At the end of 2021 I attended the annual Pensioen Pro event, where this year’s theme was ‘towards a new system’. There were lots of conversations around innovation and regulation. For a long time in the retirement sector, regulation has come ahead of innovation when it comes to solving problems. If this trend continues, we may be saying RIP to the longstanding custodians of the industry.
In recent history, regulation has become foundational for change across the retirement industry. Its primary function is to ensure that companies operate within the lines of decency and competitiveness, meeting rules or directives made and maintained by an authority. However, the industry is increasingly experiencing innovation paralysis as a direct result of regulation, due to the fear of landing on the wrong side of a line which is yet to be drawn or moved.
Whilst regulation and policy are supposed to be tools of guidance and comfort, they are now regularly being used as a mechanism for change. In the last two years alone, we’ve had the Retirement Income Covenant in Australia, the SECURE Act in the US and the Pensioenakkoord in the Netherlands.
Each of these regulatory frameworks is being implemented to stimulate innovation and (ultimately) positive outcomes for savers and spenders in retirement – but why are we waiting to be told how to innovate?
Typically, zero to one type innovation doesn’t rely on regulatory change and often comes from outside industry. The change happens through a deep understanding of the problem to be solved and launch of a product or service that solves it, with regulation then making sure that it operates in the best interests of those it serves.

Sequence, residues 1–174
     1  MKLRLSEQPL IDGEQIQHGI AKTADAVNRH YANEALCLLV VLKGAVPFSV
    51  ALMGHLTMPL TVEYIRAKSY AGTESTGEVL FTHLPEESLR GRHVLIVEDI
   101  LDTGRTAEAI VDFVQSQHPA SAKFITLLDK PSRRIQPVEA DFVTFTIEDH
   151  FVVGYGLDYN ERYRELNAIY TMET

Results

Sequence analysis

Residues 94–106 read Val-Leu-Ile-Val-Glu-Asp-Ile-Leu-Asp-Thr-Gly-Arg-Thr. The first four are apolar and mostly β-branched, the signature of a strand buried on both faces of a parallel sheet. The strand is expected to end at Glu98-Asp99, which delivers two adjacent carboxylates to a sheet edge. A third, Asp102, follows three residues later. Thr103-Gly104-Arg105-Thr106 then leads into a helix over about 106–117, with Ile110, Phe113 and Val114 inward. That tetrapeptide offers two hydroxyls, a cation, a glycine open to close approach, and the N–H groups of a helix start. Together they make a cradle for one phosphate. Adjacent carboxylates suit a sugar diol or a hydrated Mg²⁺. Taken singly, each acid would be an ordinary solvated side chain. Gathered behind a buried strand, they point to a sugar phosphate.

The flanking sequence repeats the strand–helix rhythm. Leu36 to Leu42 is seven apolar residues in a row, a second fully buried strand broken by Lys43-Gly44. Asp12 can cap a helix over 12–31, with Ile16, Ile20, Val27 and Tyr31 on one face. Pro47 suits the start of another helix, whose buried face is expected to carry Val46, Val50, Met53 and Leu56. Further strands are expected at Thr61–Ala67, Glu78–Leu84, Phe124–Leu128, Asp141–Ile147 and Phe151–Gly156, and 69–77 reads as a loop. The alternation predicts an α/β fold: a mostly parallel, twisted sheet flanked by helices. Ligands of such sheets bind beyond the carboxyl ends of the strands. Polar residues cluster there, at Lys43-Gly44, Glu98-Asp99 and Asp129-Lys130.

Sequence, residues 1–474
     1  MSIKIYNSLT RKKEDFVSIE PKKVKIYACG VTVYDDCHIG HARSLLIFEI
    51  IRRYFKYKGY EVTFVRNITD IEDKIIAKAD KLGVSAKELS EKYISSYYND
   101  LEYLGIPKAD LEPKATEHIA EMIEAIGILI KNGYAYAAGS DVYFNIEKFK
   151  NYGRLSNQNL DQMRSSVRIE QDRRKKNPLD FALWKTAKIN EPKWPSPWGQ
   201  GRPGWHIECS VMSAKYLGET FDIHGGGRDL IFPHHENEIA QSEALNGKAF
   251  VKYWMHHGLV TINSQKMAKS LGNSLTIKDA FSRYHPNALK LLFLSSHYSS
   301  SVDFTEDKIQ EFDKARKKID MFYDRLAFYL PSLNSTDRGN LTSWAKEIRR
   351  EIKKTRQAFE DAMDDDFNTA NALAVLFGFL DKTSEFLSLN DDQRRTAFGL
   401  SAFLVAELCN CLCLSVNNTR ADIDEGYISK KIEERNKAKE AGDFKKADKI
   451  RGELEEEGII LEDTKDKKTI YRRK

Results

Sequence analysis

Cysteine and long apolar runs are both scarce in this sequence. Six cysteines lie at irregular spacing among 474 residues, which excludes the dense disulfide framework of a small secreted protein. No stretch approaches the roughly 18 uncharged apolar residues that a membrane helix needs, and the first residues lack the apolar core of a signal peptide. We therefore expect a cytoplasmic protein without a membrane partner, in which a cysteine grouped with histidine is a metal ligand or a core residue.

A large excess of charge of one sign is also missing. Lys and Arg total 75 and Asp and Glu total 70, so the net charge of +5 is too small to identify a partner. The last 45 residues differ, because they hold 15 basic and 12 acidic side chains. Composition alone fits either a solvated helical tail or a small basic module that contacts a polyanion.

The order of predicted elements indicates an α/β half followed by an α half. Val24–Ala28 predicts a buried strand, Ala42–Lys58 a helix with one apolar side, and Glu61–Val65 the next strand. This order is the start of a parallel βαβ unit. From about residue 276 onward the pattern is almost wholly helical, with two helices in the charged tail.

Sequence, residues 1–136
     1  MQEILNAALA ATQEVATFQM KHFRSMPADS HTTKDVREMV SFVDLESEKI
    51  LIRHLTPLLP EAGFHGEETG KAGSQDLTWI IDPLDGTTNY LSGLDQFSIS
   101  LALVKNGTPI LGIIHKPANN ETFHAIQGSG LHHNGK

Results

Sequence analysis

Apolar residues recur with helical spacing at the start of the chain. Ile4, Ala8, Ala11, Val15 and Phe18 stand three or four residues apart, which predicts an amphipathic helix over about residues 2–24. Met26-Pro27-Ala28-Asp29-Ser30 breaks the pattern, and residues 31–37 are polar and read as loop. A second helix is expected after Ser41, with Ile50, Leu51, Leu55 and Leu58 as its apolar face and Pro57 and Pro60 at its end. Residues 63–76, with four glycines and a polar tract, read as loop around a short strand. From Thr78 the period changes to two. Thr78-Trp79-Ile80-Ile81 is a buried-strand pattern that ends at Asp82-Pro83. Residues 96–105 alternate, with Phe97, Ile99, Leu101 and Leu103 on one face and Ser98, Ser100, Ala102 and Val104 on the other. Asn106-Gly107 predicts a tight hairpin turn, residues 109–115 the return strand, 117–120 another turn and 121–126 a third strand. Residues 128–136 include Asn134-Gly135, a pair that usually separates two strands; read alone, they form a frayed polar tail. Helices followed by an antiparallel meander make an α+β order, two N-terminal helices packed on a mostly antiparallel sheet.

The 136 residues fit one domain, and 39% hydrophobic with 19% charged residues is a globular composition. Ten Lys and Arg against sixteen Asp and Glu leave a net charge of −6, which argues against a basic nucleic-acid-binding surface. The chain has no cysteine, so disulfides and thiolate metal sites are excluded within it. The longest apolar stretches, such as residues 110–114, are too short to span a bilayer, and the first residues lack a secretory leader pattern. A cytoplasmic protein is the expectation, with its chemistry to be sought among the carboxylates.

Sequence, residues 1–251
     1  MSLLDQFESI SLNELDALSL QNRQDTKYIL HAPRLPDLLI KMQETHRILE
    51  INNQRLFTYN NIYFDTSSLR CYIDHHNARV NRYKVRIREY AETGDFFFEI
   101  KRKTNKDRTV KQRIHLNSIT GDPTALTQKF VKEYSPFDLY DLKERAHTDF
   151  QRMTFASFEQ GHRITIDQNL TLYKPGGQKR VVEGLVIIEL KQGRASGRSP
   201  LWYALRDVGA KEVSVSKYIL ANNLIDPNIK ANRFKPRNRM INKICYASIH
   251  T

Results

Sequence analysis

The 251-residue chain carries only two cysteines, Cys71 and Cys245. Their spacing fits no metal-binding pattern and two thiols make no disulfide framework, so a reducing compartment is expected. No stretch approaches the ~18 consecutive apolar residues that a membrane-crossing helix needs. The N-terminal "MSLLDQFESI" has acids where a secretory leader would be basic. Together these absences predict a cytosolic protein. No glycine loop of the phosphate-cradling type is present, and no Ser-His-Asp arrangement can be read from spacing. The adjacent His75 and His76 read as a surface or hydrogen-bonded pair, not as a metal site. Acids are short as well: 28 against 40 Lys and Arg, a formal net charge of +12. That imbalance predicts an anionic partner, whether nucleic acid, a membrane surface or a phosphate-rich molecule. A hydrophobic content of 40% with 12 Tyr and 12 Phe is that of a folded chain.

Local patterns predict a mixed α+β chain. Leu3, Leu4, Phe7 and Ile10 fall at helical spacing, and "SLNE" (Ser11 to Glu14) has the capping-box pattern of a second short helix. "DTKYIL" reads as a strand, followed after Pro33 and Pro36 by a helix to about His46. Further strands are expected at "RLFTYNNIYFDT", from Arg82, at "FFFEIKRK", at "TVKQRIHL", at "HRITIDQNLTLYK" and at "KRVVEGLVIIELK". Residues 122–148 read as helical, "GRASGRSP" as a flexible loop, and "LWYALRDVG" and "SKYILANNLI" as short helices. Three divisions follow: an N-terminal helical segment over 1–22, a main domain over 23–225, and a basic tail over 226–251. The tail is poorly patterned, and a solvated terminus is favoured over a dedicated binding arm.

Outside the retirement industry, well known examples of this are Tesla – Elon Musk wasn’t building electric cars before Tesla – Google and Netflix. Each of these companies have revolutionised their industries, and now regulation is being shaped to support them scaling safely and ensuring that they act in the best interests of those they serve.
In the retirement industry, there are two fundamental problems that we’re trying to solve – (1) spending in a sustainable way, and (2) saving enough for retirement. Yet there’s a lack of innovation or determination to solve these problems without first being told how to do so. Providers need to flip the current processes on their head if they want to avoid falling too far behind the breakaway group.
- Problem – the foundation of innovation is problem-solving
Whilst this is a relatively straightforward and obvious point, identifying the true problem is usually a lot more complicated. Gaining a deep understanding of your customer will give you the best opportunity to identify the problem. At Smart, our UX research teams are charged with running experiments and validating our hypotheses to make sure that we’re focusing our efforts on the right problems.
- Innovation – retirement is ripe for innovation
Given the cost and scalability of technology today, the opportunity to test and validate innovation is more affordable than ever, if you know how best to utilise it. Innovation comes from maximising the value that you give to your customers and it’s rarely (if ever) a straight line between creating an idea and value. Testing and iterating are important to ensure that your ‘innovation’ is relevant.
- Regulation – keeps the train track straight and true
Whilst product innovation is continuous – it has to be, to stay relevant to an evolving problem – regulation helps to make sure that the train stays on the tracks. It’s not there to lay the tracks to the destination. Instead, it’s there to make sure that once the train is on the track, it gets to exactly where it’s supposed to be going.
Regulation is necessary but shouldn’t be the sole catalyst for change, unless it’s removing a historic blocker to innovation. At a time where technology enables the delivery of innovation cheaply and quickly, we have a duty to ensure that we utilise that ability to provide our customers with solutions that meet their needs. Through a deep understanding of customers, businesses can work with regulators to communicate a vision and make sure that there’s alignment in a shared goal, rather than waiting for permission to help people.
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